Officials with the Center for Disease Control (CDC) and the World Health Organization have sounded an alarm about COVID-19, a virus that comes with a fever, cough, and shortness of breath.
Normally these seemingly benign symptoms don’t cause an entire nation to shut down but it has. So here’s why COVID-19 has become such a big deal.
Health officials have voiced concerns that the spread of the virus could mean larger numbers of people will need more medical care and public health services. But they also know the United States just doesn’t have the capacity to deal with that kind of volume of patient care.
Read: 5 things to know about COVID-19
Hospitals not equipped to handle COVID-19 cases
According to a story by ProPublica, somewhere between 20 and 60 percent of adults will contract the virus and about a fifth of the people who get COVID-19 will need to be hospitalized.
In most scenarios, “vast communities in America are not prepared to take care of the COVID-19 patients showing up,” said Dr. Ashish Jha, director of the Harvard Global Health Institute, who led a team of researchers that developed the analysis.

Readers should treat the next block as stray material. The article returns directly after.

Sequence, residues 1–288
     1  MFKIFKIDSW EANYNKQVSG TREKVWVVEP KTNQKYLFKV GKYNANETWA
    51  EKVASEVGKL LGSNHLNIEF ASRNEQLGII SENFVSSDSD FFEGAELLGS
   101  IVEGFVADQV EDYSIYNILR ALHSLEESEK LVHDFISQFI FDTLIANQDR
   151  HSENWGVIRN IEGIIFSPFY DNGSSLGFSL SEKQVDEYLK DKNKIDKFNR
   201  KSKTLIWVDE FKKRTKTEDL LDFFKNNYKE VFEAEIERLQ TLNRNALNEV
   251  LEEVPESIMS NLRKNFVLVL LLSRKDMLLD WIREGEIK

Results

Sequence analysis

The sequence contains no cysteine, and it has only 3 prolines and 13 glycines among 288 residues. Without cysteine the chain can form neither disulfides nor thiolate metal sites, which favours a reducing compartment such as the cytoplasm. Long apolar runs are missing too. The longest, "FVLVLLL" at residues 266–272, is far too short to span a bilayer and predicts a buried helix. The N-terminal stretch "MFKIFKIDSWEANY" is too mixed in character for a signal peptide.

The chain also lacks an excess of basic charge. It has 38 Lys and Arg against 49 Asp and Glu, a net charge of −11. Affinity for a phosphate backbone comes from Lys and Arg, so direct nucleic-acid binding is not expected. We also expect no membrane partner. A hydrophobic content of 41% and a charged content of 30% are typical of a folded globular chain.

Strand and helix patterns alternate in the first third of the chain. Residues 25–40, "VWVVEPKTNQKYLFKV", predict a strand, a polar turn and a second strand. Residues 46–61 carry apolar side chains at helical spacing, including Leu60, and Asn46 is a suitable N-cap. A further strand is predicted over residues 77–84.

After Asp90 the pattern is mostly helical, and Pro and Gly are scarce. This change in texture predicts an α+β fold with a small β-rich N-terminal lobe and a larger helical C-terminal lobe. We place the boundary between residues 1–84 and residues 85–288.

The article highlighted that the best-case scenario would be that the cases of coronavirus spread out over 18 months, but that would mean American hospital beds would be about 95 percent full. This, however, assumes that area hospitals don’t free up beds that are already occupied or add more beds.
According to the article:
“But in most other scenarios where the virus spreads faster or infects more people, hospitals would quickly fill their available beds with patients, and they would be forced to either expand capacity, limit elective surgeries and other non-necessary treatments, or make life-and-death decisions about care, similar to what has happened in the worst-hit regions of Italy, where some doctors have received guidance to only treat patients ‘deemed worthy of intensive care.'”
So it’s not as much about a high percentage of people getting the disease and dying as it is having a large number of people getting sick at the same time, needing resources that aren’t available and then dying.
The sick and the sickest
Nancy Messonnier, director of CDC’s National Center for Immunization and Respiratory Diseases, said in a teleconference on Thursday that risk can be viewed in two ways: getting sick and getting “very sick or dying from illness with the virus.”